Yikes! Please don’t tell me that smartthings support told you to move a smartthings hub closer to a Wi-Fi access point! That would make interference worse, not better.
They might tell you to move individual zigbee devices closer to the hub, but never a Wi-Fi transmitter. Wi-Fi and zigbee operate in the same band and Wi-Fi is much more powerful so it can drown out zigbee transmissions.
Meanwhile, this is probably too obvious, but have you tried forcing a zigbee heal just to make sure the network is running efficiently? Make sure all your zigbee devices are on power. Then take the hub off power, including removing any batteries. Leave it off power for at least 15 minutes. That will cause the others zigbee devices to panic because they can’t find the hub. Then when you put the hubback on power, all the other devices will rebuild their neighbor tables. That will make sure everybody is using the most efficient routing. This process takes a while, so you might not see improvements until the next day, but it’s one of those “can’t hurt, might help” things that’s always worth trying.
The next issue, after you have done the heal, for devices that used to be fine and now aren’t, is to look for new sources of local interference. Unfortunately smartthings doesn’t give us any tools to do that. But begin by just thinking about whether you have added any new Wi-Fi transmitters. They are the most common source of interference with zigbee. If you live in an apartment, it might even be that your next-door neighbor got a new Wi-Fi booster. It doesn’t have to be your Wi-Fi network, just transmissions in that range.
(Jason "The Enabler" as deemed so by @Smart)
Sorry, but that statement says that your system, just like everyone else’s, is not reliable.
“Reliable” means different things to different people, so it’s helpful to first get a definition.
In my own case, I consider a system reliable if it has a maintenance free operating period (MFOP) of at least six months. But different people have different requirements.
As far as lag, again different people have different requirements. Many people are OK with the lag of up to two seconds, which is called the “conversational pause” in systems design. But others find any lag beyond 500 ms intolerable, particularly for lights coming on when you enter a room. So Lutron engineers to that standard, which is one reason their switches typically cost more than the ones that are engineered to two seconds.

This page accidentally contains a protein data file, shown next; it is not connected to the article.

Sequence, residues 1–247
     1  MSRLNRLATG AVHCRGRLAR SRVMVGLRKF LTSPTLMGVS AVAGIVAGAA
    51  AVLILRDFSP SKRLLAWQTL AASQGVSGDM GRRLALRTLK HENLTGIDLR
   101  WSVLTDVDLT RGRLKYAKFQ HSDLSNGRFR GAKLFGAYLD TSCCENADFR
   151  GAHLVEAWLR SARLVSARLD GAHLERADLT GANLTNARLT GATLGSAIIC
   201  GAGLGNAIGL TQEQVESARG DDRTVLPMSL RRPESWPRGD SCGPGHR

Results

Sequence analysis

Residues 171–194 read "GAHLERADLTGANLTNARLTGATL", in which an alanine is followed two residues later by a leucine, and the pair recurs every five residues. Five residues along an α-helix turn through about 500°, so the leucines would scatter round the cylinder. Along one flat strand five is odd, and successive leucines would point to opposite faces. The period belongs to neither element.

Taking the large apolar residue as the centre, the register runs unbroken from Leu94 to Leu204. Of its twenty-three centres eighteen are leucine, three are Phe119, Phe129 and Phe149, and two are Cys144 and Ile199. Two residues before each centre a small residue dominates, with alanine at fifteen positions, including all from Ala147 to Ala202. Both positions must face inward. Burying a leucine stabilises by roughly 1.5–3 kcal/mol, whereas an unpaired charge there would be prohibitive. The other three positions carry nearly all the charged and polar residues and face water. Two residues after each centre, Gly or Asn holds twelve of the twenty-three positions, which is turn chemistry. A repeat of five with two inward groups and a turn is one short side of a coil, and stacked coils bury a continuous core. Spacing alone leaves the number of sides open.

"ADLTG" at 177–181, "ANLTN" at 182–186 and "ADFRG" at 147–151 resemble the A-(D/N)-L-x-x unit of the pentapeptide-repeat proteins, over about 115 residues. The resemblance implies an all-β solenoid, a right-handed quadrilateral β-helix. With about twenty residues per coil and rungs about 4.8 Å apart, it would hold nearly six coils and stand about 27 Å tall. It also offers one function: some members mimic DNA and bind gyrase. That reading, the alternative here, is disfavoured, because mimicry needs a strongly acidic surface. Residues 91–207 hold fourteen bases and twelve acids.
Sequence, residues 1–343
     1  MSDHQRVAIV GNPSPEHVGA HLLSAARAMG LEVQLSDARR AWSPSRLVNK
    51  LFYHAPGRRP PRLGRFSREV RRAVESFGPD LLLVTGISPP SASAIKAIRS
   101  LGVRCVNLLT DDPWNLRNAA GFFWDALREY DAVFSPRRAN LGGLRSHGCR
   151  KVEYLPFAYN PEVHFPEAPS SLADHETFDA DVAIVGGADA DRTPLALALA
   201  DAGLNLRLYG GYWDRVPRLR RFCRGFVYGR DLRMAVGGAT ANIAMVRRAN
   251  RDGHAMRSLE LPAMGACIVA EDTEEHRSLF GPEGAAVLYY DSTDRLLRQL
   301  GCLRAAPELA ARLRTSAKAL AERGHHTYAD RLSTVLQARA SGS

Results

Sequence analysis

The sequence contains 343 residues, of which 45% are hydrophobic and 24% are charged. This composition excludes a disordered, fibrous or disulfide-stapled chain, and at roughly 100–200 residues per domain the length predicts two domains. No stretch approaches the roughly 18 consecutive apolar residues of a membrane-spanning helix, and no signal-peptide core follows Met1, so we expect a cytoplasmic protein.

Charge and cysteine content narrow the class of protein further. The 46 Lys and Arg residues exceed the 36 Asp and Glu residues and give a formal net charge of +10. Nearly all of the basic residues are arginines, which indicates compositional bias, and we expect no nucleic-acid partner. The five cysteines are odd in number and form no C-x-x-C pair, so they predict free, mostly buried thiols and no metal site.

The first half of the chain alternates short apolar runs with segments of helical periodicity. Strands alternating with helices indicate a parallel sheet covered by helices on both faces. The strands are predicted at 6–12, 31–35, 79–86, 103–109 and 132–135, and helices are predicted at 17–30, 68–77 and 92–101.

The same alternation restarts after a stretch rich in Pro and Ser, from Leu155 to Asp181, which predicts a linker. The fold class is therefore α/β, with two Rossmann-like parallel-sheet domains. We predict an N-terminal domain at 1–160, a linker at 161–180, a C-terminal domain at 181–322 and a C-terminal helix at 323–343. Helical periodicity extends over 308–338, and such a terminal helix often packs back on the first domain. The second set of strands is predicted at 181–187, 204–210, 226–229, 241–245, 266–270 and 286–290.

As the saying goes, “all home automation is local.” Different people will have different measurable experiences and different psychological experiences depending on the local set up and their own preferences.
As long as someone is happy with their set up, that’s good. If they are unhappy, we have to go beyond a amorphous words like “reliable” and “lag” and start applying some measurable numbers in order to see where improvements might be made.
(Jason "The Enabler" as deemed so by @Smart)
Lag - an understanding result of a cloud based system. If the past was the same every time, if it was consistent, it would be more acceptable. But 500ms one time, 2 second the next, and occasionally 30 sec delays are incredibly noticeable to the user.
Reliable - giving the expected same result every time. See lag above as to reliability.
Yes, some things are more acceptable to some than others. We both know I’ve had my ups and downs with ST, but as you’ve pointed out in the past @JDRoberts, I’m a tinkerer and have actually programmed around the unreliability of s ST to the point that my system is amazing . But I’m sick of programming around a never improving problem.
An example of having a work around…
Modes are notorious for failure. I have my modes triggered based pin times of day. My automations are mode based in that they are triggered by mode changes and are dependant on them. So, if a mode changes fails to occur then the entire system is out of sorts.
I’ve created an automation that runs every 15 minutes. It checks the current mode and compares that to the time of day, as well as the order that my modes are in. If it finds that the mode has failed to change for undocumented reasons it will attempt to update the system to the proper mode. It will do this three times. If it fails to change the mode, that is four mode failures. It then sends me a message telling what has occurred so I can manually correct the problem.
The fact that I get a message at least once a month is more than enough for me to say the system is unreliable.
Incidentally, ST support asked me to move the hub to be closer to my bulbs…not my access point.
My TP Link access point was set to auto set WiFi channel. By manually setting the channel, the issues disappeared. Apparently, some planetary alignment caused the TP Link to choose an annoying WiFi channel. Thanks to all, and those who brought up interference.